In one of his last actions as mayor of Monticello, Joe Rogers on Wednesday released copies of letters he wrote to Arkansas State Police and the prosecuting attorney requesting a State Police investigation of issues surrounding a $10 million city water project.

Text of Rogers’ December 19, 2014 letter to State Police Col. Stan Witt and 10th Judicial District Prosecutor Thomas Deen:

On September 24th, 2013, Mayor Allen Maxwell signed a contract with Siemen’s Industry, Inc. headquartered in Buffalo Grove, Illinois, to begin a water project.


Due to the large number of problems, the City hired an outside attorney, Cliff Gibson, to review the contract and the issues. After he reviewed the contract and communicated with Siemen’s representatives several times, he prepared a 13 page letter to the City Council in which he identifies several areas of fraud and criminal intent and recommends a State Police investigation of the entire project that involves over $10 million of taxpayer money and addresses the legitimate concerns of the City and its citizens.


As Mayor and a citizen of Monticello, I respectfully ask for a complete investigation of the Siemen’s Water Project.


My term as mayor ends on December 31, 2014 and I am unsure if the next administration will pursue the issues addressed above and I am very concerned for the citizens of Monticello and their well-being.


I have enclosed a copy of Cliff Gibson’s letter to the City Council and all documents are available upon your request.


Sincerely, Mayor Joe Rogers

A State Police investigation was one of several recommendations Monticello attorney Cliff Gibson made to the City Council.

He also recommended that the city engage in mediation with Siemens in an effort to terminate the contract and recover the unearned portion of approximately $7 million the city has already paid Siemens, as well as damages suffered by the city (including the cost to repair defective water meters and their installation).

If Siemens refuses mediation or mediation fails to reach a resolution of the disputes, Gibson recommended that the city sue Siemens for fraud, misrepresentation, and breach of contract, pursuing both compensatory and punitive damages. Gibson outlined those recommendations to the City Council in his 13-page letter and at a December 18, 2014 Monticello City Council meeting.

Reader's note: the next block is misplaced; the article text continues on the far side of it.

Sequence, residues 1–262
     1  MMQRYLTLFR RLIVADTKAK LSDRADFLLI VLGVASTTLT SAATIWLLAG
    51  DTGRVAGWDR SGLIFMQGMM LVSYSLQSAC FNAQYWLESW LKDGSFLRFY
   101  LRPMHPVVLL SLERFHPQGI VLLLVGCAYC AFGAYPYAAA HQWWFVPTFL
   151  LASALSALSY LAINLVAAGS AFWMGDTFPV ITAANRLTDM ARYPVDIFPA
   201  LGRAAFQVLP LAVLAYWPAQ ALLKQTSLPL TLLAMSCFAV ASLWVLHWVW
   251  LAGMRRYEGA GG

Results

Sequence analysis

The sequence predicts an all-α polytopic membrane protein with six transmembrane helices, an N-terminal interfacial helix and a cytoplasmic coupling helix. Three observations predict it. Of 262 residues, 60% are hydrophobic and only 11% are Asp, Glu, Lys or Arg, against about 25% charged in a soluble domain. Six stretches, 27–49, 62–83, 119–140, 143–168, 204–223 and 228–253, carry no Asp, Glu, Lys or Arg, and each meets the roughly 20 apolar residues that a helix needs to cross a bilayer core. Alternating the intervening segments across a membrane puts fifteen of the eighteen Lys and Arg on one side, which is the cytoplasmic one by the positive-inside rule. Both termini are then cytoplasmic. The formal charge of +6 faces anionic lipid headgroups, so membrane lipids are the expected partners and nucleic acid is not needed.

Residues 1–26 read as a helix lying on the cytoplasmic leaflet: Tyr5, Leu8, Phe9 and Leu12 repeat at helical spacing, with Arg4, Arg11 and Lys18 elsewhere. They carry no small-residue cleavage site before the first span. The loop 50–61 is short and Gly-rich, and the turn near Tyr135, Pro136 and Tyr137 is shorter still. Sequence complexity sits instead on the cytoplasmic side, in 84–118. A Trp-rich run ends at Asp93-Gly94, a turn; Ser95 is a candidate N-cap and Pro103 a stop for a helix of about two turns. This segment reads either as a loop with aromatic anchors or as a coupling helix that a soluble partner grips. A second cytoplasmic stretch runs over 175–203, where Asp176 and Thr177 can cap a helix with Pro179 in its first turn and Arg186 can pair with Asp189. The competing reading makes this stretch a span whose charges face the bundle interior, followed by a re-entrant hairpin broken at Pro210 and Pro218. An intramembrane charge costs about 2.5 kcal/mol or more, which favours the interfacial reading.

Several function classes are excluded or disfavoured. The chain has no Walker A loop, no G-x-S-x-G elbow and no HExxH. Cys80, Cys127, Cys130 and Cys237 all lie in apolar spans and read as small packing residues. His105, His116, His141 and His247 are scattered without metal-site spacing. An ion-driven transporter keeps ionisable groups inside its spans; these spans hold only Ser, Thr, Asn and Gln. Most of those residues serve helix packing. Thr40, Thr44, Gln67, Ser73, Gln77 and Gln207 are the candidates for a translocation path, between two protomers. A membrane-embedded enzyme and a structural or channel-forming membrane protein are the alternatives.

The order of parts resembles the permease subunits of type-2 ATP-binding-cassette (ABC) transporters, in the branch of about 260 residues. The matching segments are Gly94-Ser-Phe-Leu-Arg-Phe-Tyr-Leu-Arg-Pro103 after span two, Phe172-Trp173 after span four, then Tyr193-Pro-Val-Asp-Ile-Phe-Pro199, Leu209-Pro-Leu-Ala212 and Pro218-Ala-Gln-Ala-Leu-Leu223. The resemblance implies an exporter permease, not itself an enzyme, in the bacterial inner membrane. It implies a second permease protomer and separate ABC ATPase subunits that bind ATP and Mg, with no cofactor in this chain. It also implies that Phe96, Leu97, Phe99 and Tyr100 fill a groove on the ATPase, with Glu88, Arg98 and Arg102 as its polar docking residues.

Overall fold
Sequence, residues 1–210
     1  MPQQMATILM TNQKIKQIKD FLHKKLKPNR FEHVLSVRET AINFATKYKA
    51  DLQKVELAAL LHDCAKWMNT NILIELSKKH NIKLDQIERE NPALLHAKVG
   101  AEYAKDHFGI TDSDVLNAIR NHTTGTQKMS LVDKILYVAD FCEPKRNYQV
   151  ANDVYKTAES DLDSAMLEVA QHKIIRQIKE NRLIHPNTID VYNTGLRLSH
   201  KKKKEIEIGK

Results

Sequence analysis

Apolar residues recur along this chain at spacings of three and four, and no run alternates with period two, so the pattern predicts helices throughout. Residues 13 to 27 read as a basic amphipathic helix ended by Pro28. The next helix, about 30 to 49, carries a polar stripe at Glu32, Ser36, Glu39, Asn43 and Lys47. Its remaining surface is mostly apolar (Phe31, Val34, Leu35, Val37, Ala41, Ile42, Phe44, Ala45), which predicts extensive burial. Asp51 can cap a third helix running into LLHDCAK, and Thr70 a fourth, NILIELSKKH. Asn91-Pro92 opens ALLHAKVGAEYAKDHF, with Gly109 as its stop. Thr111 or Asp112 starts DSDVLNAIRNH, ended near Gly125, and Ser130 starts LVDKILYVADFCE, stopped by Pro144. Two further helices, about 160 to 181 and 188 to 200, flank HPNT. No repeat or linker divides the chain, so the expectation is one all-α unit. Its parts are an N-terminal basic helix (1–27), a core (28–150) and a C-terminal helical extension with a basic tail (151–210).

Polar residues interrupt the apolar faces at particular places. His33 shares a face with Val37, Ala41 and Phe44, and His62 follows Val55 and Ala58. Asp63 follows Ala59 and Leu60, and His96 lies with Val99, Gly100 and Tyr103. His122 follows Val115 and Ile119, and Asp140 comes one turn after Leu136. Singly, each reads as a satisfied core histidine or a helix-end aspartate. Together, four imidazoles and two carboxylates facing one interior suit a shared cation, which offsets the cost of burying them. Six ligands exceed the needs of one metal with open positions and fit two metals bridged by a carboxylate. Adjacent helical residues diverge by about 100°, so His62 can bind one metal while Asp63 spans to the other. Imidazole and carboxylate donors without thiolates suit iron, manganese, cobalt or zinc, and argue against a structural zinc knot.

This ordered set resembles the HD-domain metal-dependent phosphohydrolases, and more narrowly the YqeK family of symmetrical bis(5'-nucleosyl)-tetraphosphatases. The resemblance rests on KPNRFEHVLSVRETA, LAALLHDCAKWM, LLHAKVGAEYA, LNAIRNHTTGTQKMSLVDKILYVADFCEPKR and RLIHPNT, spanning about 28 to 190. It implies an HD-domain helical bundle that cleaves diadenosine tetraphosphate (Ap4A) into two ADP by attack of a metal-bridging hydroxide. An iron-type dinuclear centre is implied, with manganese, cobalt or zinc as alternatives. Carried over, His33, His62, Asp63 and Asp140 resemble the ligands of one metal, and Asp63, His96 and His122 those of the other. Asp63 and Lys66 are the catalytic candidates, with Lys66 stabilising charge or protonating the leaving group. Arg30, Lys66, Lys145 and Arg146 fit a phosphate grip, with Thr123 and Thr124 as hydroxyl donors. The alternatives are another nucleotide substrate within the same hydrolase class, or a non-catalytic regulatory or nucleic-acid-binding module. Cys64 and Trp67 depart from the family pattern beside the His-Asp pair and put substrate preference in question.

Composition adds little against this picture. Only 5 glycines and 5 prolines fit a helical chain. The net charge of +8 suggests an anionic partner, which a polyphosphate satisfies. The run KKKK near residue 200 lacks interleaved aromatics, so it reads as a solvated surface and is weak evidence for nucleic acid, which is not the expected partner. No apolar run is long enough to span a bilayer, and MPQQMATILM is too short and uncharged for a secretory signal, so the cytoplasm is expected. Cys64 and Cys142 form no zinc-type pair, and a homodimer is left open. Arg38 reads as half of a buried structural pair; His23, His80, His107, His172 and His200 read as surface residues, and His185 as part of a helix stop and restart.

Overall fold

While the city council at its December 18 meeting did not specifically agree to mediation, it did authorize Gibson to contact Siemens to schedule a date to discuss possible mediation. The following day, on December 19, 2014, Gibson contacted Siemens’ attorney Steven Shamash about possible mediation dates and asked that he provide a list of acceptable mediators. On December 22, 2014, Siemens responded via e-mail.

Text of e-mail from Siemens’ attorney Steven Shamash:

Siemens would be pleased to participate in good faith in a mediation as soon as may be convenient for all, which likely means we’re looking at mid-January or February due to the Holidays.


It will take me some time to get some proposed mediators. Siemens is of course also interested in considering any mediators that the city might propose.


Thanks again and best wishes to all for a great Holiday.


Read Gibson’s 13-page letter to the City Council and then-mayor Joe Rogers.

Read Joe Rogers’ letters to 10th Judicial District Prosecutor Thomas Deen, Arkansas State Police Col. Stan Witt, and the Monticello City Council and Monticello citizens.

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